Posted by Hilary McDonald
Archaeological photography is a diverse field. Much of it is a waiting game dependent on sun and wind to work with everyone’s schedules. The time must be right when a full excavation space can be cleared of tools (and people) and look its best. Sand is swept, shadows shift and the unit is ready to be presented.
By researching old archives – photographs from areas excavated 101 years ago, almost to the day, were matched up to some areas we had open this season. Images like these remind archaeologists that we aren’t necessarily seeing the architecture and features exactly the way the ancients left them; we are also seeing what previous archaeologists left behind in their own search. The archaeology of the archaeology, so to speak.
Old photographs reveal changes in imaging technologies where digital files have replaced glass plates and chemical developing. Software can now help piece together long expanses of walls and instantaneous electronic developing can reveal onscreen if millimeters of pottery inclusions are in focus or have to be redone.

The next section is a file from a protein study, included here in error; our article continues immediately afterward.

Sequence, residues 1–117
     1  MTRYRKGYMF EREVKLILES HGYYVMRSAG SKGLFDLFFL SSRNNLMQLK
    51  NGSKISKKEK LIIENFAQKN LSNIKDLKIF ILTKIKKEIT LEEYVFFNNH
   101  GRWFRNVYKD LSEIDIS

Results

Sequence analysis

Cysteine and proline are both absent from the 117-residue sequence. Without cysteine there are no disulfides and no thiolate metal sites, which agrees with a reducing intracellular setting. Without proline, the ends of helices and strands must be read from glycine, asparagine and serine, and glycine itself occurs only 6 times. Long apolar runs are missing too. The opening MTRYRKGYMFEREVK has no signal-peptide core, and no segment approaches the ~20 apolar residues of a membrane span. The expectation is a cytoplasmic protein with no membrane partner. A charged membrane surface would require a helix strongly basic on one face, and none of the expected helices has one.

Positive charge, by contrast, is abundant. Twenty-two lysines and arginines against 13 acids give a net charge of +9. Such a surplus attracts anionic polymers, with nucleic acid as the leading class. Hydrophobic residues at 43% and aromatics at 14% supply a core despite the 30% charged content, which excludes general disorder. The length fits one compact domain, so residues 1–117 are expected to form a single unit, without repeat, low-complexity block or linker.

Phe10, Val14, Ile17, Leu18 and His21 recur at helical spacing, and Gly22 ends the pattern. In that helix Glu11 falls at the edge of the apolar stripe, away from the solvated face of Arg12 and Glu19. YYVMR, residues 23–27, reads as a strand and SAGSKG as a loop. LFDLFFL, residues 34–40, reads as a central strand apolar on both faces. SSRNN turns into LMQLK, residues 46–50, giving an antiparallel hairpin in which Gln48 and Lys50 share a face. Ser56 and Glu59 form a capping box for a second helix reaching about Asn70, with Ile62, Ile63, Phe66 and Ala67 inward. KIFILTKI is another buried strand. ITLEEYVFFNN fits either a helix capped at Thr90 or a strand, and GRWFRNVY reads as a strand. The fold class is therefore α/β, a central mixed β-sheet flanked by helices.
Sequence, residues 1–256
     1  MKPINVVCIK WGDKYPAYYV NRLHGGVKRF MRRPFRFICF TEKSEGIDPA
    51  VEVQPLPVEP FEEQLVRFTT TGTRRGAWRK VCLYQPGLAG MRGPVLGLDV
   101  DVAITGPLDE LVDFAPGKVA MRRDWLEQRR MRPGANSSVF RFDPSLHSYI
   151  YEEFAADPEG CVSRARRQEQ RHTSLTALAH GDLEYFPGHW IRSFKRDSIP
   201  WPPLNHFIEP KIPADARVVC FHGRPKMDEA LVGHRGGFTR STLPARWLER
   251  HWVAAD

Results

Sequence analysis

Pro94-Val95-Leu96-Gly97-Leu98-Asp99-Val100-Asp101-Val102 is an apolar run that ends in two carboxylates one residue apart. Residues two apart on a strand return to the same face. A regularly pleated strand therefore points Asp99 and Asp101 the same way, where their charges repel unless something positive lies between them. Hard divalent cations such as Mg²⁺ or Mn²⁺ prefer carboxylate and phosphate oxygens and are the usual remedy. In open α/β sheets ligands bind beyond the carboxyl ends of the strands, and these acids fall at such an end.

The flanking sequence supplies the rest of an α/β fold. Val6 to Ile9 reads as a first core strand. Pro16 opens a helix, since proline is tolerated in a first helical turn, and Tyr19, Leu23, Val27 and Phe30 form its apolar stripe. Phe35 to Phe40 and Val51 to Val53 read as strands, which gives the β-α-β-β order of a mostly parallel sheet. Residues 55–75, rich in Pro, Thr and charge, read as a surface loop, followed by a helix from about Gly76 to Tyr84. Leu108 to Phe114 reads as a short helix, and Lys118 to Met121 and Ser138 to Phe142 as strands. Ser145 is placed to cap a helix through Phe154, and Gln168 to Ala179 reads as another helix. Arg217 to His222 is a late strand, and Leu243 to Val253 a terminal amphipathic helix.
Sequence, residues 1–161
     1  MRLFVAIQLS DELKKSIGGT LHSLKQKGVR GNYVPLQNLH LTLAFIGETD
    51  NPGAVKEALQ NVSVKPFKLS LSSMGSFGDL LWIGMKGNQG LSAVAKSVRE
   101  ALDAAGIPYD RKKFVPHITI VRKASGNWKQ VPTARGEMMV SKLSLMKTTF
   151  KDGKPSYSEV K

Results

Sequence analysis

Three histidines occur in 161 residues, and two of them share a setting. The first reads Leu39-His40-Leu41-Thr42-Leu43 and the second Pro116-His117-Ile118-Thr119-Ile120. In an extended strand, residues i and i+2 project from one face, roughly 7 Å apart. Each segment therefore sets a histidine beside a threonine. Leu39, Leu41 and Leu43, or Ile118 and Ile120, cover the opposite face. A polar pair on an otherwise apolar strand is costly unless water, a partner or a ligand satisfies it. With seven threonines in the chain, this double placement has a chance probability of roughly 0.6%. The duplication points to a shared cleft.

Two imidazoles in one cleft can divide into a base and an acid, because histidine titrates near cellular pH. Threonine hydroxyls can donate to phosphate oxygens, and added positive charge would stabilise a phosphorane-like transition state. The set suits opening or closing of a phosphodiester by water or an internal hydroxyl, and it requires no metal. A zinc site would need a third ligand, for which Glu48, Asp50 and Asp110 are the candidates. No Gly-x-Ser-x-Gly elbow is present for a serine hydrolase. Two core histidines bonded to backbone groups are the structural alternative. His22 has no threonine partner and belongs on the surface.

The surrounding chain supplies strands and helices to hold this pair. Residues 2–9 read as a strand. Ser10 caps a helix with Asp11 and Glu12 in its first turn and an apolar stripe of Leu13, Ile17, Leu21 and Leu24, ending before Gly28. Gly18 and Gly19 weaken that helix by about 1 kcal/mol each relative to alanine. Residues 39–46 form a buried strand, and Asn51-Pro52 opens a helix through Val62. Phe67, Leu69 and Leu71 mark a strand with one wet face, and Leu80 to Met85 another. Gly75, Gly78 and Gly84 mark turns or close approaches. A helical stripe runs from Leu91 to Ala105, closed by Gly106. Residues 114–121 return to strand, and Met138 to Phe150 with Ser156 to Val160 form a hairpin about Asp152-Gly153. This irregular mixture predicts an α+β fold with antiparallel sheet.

There are a lot of moments on an excavation, however, that have nothing to do with the cleaning of trenches, the placing of meter sticks and the proper positioning of the north arrow. These moments are the ones about people. The excavation workmen had a goodbye party before they departed back to their homes across Egypt. Sodas, pastry, music and dancing all before 10 in the morning was the way to celebrate the conclusion of an interesting season; I was happy to have brought my camera to capture all the fun.
The other night, as the skies were clear at Giza, we gazed at the full moon through the survey Total Station set up on the patio like a telescope. Cameras are usually placed everywhere from mounts, microscopes, inside excavation trenches, on the ground level and high up above on precarious ladders to gather imagery for the field season. This time, there was no way to set the camera into the viewfinder to capture the big moon itself. But a spring night together with co-workers, chatting in every language taking turns to look up to the night sky set the scene for a memorable picture as our own season concludes.